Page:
Archbishop Nicholas peacefully fell asleep in the Lord on December 6, 343. He was immediately recognized as a saint and as the patron of travelers. He is called upon by Christians round the world for deliverance from flood, poverty, or any misfortune. He has especially promised to help those who remember his parents, Theophanes and Nonna.

St. Nicholas’ incorrupt relics were venerated for centuries in the local cathedral church of Myra. Like those of many other saints, his bones exude sweet-smelling myrrh. This holy myrrh has been used by Christian faithful to heal all manner of infirmities. During the Middle Ages the Turks conquered Byzantine Asia Minor and hitherto pose a constant threat to Christianity in that region. Because St. Nicholas is the patron saint of sailors, his stories have spread to every Christian nation. In 1087, solicitous for the safety of St. Nicholas’ venerable remains, Italian sailors, who were devoted to this saint, plotted to steal the body and bring it back to their home village. St. Nicholas’ relics were thus taken from Myra and translated to the city of Bari, where the saint’s body continues to exude holy myrrh (in Italian, “sacra manna”) 17 centuries after his death.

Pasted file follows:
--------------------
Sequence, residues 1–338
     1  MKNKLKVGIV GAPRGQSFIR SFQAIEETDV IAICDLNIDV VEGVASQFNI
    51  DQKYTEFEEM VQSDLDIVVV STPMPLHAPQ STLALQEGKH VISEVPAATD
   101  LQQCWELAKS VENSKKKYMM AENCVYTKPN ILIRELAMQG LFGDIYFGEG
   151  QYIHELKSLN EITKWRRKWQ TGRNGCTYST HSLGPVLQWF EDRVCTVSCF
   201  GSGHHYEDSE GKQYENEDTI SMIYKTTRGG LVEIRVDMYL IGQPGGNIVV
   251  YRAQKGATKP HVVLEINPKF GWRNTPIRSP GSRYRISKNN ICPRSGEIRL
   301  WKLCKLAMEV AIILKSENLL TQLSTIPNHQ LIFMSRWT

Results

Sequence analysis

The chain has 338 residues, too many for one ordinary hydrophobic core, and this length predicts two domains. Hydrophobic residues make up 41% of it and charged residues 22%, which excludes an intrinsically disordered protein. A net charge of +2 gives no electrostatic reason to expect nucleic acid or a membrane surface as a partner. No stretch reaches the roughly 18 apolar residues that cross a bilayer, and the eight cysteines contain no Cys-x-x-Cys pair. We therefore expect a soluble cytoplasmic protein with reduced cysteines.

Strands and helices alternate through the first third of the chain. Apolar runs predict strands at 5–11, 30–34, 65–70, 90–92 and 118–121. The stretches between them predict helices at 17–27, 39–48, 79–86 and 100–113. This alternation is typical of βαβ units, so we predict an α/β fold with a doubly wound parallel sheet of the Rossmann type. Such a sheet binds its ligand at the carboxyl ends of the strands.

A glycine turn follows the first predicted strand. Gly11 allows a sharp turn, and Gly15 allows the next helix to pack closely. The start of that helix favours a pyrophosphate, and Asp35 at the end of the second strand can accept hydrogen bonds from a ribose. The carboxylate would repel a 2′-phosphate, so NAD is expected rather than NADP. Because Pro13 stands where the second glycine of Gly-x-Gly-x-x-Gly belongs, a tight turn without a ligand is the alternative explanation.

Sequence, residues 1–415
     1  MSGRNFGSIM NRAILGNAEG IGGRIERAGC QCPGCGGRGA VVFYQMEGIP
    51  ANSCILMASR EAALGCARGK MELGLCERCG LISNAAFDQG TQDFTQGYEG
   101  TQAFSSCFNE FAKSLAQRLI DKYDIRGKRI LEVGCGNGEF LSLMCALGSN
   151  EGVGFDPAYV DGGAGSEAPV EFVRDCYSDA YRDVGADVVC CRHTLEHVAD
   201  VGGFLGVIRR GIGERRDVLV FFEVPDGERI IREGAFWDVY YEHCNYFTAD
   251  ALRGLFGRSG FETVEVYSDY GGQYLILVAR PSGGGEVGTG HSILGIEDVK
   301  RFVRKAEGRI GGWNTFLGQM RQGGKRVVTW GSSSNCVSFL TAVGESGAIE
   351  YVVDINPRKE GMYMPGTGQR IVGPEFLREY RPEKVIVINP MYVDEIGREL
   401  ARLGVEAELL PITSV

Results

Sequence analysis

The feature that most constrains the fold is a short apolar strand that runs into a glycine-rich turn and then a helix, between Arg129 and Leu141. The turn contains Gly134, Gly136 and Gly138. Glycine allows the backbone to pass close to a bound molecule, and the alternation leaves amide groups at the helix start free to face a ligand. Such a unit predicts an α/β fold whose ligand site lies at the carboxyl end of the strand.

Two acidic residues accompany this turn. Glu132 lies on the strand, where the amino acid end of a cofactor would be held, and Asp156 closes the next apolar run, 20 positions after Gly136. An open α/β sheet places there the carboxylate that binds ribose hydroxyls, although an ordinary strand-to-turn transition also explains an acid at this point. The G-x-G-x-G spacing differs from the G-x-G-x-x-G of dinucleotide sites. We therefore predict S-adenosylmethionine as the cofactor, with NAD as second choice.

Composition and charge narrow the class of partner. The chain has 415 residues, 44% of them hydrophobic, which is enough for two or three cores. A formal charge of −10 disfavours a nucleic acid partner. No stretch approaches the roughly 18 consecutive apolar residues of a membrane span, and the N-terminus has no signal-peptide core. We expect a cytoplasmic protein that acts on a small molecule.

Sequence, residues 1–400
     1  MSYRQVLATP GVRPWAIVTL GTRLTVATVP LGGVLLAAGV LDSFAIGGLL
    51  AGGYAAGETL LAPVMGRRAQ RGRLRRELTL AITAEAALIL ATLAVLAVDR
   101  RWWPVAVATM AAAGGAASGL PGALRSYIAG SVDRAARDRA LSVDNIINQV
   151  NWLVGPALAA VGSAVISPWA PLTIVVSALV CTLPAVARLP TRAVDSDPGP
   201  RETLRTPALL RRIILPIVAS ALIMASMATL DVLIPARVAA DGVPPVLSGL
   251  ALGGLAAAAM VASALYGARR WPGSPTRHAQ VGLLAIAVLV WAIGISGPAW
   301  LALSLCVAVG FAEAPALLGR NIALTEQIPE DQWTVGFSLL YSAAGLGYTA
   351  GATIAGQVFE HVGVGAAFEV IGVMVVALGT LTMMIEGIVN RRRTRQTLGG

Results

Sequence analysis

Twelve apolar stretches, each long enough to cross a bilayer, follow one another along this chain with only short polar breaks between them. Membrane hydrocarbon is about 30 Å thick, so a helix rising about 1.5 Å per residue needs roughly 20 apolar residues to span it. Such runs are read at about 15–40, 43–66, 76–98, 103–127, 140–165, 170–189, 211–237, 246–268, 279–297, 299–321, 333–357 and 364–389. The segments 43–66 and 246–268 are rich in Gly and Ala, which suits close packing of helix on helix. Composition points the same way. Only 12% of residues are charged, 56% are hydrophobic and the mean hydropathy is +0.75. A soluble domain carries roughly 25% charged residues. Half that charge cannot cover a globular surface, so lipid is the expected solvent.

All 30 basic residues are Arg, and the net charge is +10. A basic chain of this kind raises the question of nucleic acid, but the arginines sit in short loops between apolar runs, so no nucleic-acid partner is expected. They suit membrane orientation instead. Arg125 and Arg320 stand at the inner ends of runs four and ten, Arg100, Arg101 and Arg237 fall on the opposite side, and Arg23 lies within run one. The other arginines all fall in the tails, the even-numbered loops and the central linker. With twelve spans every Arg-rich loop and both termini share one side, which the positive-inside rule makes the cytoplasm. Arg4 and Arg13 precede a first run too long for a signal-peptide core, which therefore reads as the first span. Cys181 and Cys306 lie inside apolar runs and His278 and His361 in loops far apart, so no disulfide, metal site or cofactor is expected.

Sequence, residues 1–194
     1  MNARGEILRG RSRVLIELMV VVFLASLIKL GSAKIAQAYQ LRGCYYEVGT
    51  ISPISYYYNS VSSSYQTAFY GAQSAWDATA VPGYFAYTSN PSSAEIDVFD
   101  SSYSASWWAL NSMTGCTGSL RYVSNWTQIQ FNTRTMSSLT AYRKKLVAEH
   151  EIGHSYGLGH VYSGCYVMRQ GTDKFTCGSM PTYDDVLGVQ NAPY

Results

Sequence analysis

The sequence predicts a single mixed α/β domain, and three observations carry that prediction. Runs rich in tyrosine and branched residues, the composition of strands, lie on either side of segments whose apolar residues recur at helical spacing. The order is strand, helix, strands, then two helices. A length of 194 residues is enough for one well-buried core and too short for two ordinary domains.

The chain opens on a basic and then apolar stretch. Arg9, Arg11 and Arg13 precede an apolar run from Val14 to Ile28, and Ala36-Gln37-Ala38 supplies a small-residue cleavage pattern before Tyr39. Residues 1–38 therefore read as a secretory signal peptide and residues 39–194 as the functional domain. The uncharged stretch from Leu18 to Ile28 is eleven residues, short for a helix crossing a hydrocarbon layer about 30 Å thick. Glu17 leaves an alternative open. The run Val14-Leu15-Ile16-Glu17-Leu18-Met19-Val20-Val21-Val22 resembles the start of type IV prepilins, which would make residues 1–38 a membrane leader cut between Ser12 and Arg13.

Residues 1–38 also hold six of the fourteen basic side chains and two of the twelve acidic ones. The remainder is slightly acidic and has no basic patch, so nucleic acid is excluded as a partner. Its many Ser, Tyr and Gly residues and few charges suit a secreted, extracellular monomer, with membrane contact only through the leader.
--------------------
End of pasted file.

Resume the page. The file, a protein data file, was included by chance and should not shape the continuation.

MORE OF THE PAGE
A thousand years later, Italians are still hardcore devotees. It is difficult not to envy them sometimes. They’ve not only made St. Nicholas their “tooth fairy,” but once a year they commemorate the pirating of jolly ol’ San Nicola’s bones, sailing around the harbor at Bari with giant statues of the saint in their boats followed by a solemn harvesting of his tomb oils. Bari’s annual “Festival of the Translation of the Relics” is a three-day carnival with fireworks, processions, reenactments, fire-eaters, and Holy Mass, held every May 7-9. After High Mass on the 9th, the rector of the basilica crawls into a small opening in the crypt to drain the sacra manna out of St. Nicholas’ tomb into a glass vial. The manna is diluted with water and serves as an anointing sacramental and souvenir for pilgrims to Bari from across the globe.”

The truth of St. Nicolas points to the truth of Christ. Whatever you tell children, to me this story beats any other. But why let truth get in way of a good story.

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Stop; Look; Listen; Think.